Blanche Marie Dick, 93, grocery store cashier Blanche...

May 14, 2001

Blanche Marie Dick, 93, grocery store cashier

Blanche Marie Dick, a mother of seven and a former cashier and clerk at grocery stores in Gambrills from the 1940s to the 1960s, died of heart failure Friday at North Arundel Hospital. She was 93.

Blanche Marie Brown was born in Martinsburg, W. Va., where she attended school through the ninth grade.

She was married in 1929 to James Grantham Dick, who died in 1988.

A Gambrills resident for 29 years, she previously resided in Woodwardville. Mrs. Dick was a member of St. Luke's United Methodist Church in Martinsburg and enjoyed bingo, gardening and cooking.

Services will be held at 11 a.m. Wednesday at Hardesty Funeral Home in Gambrills. In lieu of flowers, the family suggests donations to the American Cancer Society chapter in Gambrills.

Survivors include three sons, Kenneth Dick of Silver Spring, James Dick Jr. of Severn and George Dick of Sykesville; four daughters, Helen M. Crawford of Severn, Nancy Gulley of Odenton, Peggy Kreitzer of Berkeley Springs, W. Va., and Jean McIntosh of Jonestown, Pa.; 13 grandchildren; 27 great-grandchildren; and two great-great-grandchildren. One brother and a sister preceded her in death.

Delverne A. Dressel, 70, product liability attorney

Delverne A. Dressel, an attorney specializing in product liability cases, died Thursday at St. Joseph Medical Center in Towson of a heart attack after suffering from emphysema and lung cancer. He was 70.

Mr. Dressel, who lived in Towson, was born in Baltimore and graduated from City College in 1948. He earned a bachelor's de- gree from Heidelberg College in Ohio in 1952 and his law degree from University of Maryland School of Law in 1956.

He was a law clerk and bailiff to Baltimore Supreme Bench Judge S. Ralph Warnken from 1954 to 1956 and served as an assistant city solicitor for Baltimore from 1965 to 1967.

Mr. Dressel's sons - Del Jr., John and Mark - played for the Johns Hopkins University lacrosse team.

"One of his proudest moments was watching his two oldest sons run on the same midfield units for the championship team in 1985," said his son Del.

Mr. Dressel was a member of the Baltimore County, Maryland and American Bar Associations. He also was elected a fellow of the International Academy of Trial Lawyers and the American College of Trial Lawyers.

Services will be held at 1 p.m. tomorrow at Ruck Towson Funeral Home.

He is survived by his three sons, Del Dressel Jr. of Towson, John Dressel of Stewartstown, Pa., and Mark Dressel of Philadelphia; a sister, Glenna M. Tarun of Baltimore; and four grandchildren. His former wife, Sondra O'Brien, lives in Ellicott City.

The family suggests contributions to the Maryland Historical Society or B&O Railroad Museum.

George William `Bill' Snell, 74, service company leader

George William "Bill" Snell, a well-known figure in a business that finds creative ways to recognize people for their service, died of cancer Saturday at Gilchrist Center for Hospice Care in Towson. He was 74.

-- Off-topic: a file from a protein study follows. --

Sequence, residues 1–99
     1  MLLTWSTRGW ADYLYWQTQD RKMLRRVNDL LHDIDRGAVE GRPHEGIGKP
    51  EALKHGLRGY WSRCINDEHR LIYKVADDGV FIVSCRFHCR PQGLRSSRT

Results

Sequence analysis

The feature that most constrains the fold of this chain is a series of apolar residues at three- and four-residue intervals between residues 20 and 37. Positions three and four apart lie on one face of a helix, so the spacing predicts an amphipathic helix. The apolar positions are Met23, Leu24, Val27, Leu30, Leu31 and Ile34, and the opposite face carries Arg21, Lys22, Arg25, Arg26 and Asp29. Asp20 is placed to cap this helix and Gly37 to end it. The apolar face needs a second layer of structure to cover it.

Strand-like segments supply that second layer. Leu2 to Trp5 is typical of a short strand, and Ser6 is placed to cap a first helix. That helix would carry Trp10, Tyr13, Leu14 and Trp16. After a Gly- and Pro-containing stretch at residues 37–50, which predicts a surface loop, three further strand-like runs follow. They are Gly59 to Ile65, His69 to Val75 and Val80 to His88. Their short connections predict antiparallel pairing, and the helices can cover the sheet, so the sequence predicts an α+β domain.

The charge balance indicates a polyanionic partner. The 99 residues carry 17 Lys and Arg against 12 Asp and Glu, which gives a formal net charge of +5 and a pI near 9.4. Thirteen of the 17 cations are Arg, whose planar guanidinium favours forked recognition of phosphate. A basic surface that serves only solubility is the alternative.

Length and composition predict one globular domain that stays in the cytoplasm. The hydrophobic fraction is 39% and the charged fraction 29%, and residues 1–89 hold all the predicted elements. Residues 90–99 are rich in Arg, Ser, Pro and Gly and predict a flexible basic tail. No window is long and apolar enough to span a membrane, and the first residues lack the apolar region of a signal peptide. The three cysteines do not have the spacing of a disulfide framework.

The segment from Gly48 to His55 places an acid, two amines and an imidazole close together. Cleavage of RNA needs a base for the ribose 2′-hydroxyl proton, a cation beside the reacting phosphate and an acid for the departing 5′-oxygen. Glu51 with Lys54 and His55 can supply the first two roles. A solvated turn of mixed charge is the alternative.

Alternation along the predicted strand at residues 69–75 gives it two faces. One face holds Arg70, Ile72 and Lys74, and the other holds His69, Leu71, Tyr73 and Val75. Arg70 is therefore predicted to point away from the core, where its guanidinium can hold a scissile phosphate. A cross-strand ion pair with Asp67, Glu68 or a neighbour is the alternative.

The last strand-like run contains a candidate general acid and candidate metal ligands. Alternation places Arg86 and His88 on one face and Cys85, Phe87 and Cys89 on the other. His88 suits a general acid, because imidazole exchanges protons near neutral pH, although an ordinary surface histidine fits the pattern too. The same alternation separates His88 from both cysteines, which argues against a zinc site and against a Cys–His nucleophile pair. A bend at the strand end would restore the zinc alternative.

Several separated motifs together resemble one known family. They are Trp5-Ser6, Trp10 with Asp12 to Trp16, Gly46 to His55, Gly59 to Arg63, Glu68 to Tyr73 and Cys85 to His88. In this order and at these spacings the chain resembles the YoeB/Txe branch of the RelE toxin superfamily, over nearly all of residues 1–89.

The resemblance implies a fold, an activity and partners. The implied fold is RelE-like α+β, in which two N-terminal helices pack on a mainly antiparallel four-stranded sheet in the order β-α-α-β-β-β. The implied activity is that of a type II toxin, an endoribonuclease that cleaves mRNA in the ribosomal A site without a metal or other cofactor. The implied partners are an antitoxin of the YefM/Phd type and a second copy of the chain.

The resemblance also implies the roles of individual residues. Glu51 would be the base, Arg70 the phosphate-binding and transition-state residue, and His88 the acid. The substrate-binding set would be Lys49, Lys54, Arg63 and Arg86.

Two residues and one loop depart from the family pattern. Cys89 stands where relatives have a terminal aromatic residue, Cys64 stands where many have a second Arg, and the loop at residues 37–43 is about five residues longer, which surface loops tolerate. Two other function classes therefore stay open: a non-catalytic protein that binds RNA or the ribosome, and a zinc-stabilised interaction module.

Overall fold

Mr. Snell was considered an innovative leader in a field that finds ways to officially notice people's contributions to colleges, hospitals and other nonprofit institutions, such as with walls bearing the names of donors.

In 1998, along with his second wife, the former Sally Van Sant Souris of Towson, he founded the Recognition Consultants Group in Hunt Valley.

For more than a quarter of a century, before moving to Maryland from Atlanta in 1998, he represented donor and service recognition companies in the southeast.

Family members described him as a "people person" who loved to mix with friends at work or at his homes in Hunt Valley and Rehoboth Beach, Del. He enjoyed listening to jazz and dancing.

Mr. Snell served in the Marine Corps from 1944 to 1946, taking part in the invasion of Okinawa.

Born in Portsmouth, Va., he was educated in local schools and at Gordon Military Academy in Barnesville, Ga. He attended William and Mary College in Williamsburg, Va., and graduated from the University of Miami, Coral Gables, Fla., in 1951.

While at Miami, he married his first wife, Mary Lee Boykin, who died in 1997.

A private memorial service is planned.

In addition to his wife, survivors include his mother, Louise Smirtic of Atlanta; six daughters, Maggi Souris of Towson, Molli Lapinski of Towson, Millicent Souris of Portland, Ore., Deborah Logan of Acworth, Ga., Robin Kronawitter of Mooresville, N.C., and Tracy Marsh of Dallas, Ga.; and three grandchildren.

Zulma S. Grey, 91, author, editor at Reader's Digest

Zulma Steele Grey, an author and former editor at Reader's Digest magazine, died in her sleep Friday at Glen Meadows Retirement Community in Glen Arm. She was 91.

A native New Yorker, Mrs. Grey was the daughter of artist and illustrator Frederic Dorr Steele, best known for illustrating the Sherlock Holmes books written by Sir Arthur Conan Doyle.

She was the author of "Angel in Top Hat," a biography of Henry Bergh, founder of the American Society for the Prevention of Cruelty to Animals.

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